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Tyranny of the Trinity
by P. R. Lackey
by Barbara Buzzard
We do need angry people: righteous anger is an incredible motivator. Our great heroine, Rosa Parks, was peaceful, calm, and deliberate but I daresay that when she boarded that bus, she was angry and she was confrontational. We need people who will stand and call the emperor naked if need be. Ms. Lackey is angry and she makes a creditable plea in her book "The Tyranny of the Trinity" for us to examine her case and join her in her outrage.
Justice Oliver Wendell Holmes is quoted as saying that “the mark of a civilized man is his willingness to re-examine his most cherished beliefs.” Ms. Lackey points out that in her personal research she did not find one single person who knew the origin of the Trinity nor how it came to be installed as the foundational non-optional statement of Christendom. This author refuses to “surrender to the precepts of men.” What is her beef? Simply this:
“I find it deplorable that so many Christians have absolutely no idea of the origin of the Trinity or the purpose for its inception, and sadly, out of their ignorance on this issue, they have taken liberties in judging both unjustly and harshly their unitarian brethren. I and those of like mind have been vilified, demonized, scorned, and ostracized, refused communion, and referred to as heretics, cultists, unsaved, anti-Christ, and non-Christian.” She feels that “if we non-Trinitarians had no viable basis for our belief, then our Christian brethren might be justified in their condemnation, yet we have far more scriptural evidence for our stance than those who would condemn and judge based on their own tenuous belief system — a doctrine considered even within their own camp to be a "mystery." In their ignorance, they go so far as to claim that God didn’t mean for His own children to understand Him — He’s a mystery!”
Ms. Lackey brings to this controversy all of her gifts of southern humor, sarcasm, shoot-from-the-hip mentality, and a most colorful descriptive talent in calling a spade a spade. The experiences she has had in researching and addressing the question of the Trinity are very revealing of a system that has closed ranks against all questioning and behaved in an uncivilized, barbaric, shoot-the-questioner fashion. Athanasius, having trouble with his own definitions, wrote “the more I thought the less I comprehended; as the more I wrote the less capable was I of expressing my thoughts.” Lackey says the Council of Nicea “shanghaid” through this piece of incomprehensible language and furthermore attached to it an anathema for anyone doubting any part of it. Were it not so serious and cruelly painful, it could almost be funny.
Ms. Lackey says that “As long as Christians persist in teaching that God is essentially outside the realm of reason, even to the point that He embraces contradiction and absurdity, many will be limited in their ability to grow in real and practical knowledge of Him...Many dedicated Christians are currently exercised about the Gnostic and mystical tendencies affecting the Church. But many are unaware that philosophical, mystical ideas invaded the Church from the second century onwards via the ‘Church Fathers,’ who were steeped in pagan philosophy and laid the foundation of the creeds now called ‘orthodox.’”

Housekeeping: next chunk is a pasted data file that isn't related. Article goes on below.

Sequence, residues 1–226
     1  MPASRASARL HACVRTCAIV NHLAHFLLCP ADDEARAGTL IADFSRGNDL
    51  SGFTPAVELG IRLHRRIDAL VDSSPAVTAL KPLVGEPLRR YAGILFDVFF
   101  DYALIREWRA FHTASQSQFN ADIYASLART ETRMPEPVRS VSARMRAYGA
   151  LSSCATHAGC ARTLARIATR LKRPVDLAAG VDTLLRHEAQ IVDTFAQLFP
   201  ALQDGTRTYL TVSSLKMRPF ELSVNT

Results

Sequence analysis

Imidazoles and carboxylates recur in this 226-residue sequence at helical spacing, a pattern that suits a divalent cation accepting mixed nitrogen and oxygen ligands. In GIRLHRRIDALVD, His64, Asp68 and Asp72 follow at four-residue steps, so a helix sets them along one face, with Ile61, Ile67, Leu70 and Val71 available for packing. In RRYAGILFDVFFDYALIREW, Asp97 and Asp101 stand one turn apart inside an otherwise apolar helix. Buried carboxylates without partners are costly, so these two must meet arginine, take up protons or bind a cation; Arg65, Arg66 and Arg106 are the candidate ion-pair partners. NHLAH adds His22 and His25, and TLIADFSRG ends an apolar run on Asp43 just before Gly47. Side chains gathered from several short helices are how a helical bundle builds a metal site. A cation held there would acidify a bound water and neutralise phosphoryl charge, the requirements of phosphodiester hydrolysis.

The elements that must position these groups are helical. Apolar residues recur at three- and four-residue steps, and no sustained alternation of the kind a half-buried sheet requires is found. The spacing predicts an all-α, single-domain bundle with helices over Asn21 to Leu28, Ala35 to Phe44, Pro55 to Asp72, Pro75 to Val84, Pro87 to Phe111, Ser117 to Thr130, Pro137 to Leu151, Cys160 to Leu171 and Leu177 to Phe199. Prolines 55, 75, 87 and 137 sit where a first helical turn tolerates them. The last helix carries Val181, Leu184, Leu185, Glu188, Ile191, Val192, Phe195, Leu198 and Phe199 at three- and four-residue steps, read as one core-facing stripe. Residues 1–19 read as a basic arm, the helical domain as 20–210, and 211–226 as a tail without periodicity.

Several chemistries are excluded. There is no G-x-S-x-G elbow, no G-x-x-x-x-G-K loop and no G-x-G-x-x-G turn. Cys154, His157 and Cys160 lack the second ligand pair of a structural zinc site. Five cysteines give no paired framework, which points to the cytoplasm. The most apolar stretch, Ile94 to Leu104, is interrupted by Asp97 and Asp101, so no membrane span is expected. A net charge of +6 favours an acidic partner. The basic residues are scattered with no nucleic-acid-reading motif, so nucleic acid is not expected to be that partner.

Ms. Lackey addresses the central point which is often overlooked when “mystery” is given as a defense — that as Deuteronomy 29:29 states: “The secret things belong to the Lord our God, but the things revealed belong to us and to our children forever.” Since God has revealed His unity in the Bible in more than 11,000 places, it might be good to remember that, as Lackey puts it: “By what right have churches determined that their creeds and doctrines are beyond dispute and outweigh the explicit words of God?”
“Since the words: God the Son, eternal Son, triune God and God-man appear nowhere in the Scriptures, would not an inquiring mind be somewhat curious?” Ought we not take most soberly and seriously words like these from William Penn, founder of Pennsylvania: “I should inform you, reader, concerning the origin of the Trinitarian doctrine: Thou mayest assure thyself, it is neither from the Scriptures nor reason.”
“Over the centuries millions have died because their loyalty to the Bible precluded their acceptance of the unscriptural formulas of Nicea and Chalcedon. They could not accept the "triune" Being of God the Father, God the Son, and God the Holy Spirit. As impressive as it might sound, it is not found in the Scriptures. If this Trinitarian formula created in the fourth century was of the Holy Spirit, why did it produce centuries of hatred and bloodshed?...It is important to note that a false view of who Jesus is would foster an antichristian spirit (1 John 4:2-3).” This is a challenging paragraph as it not only gives the historical facts, but it ties those facts into events, providing an understanding necessary to correctly assess world events past and present.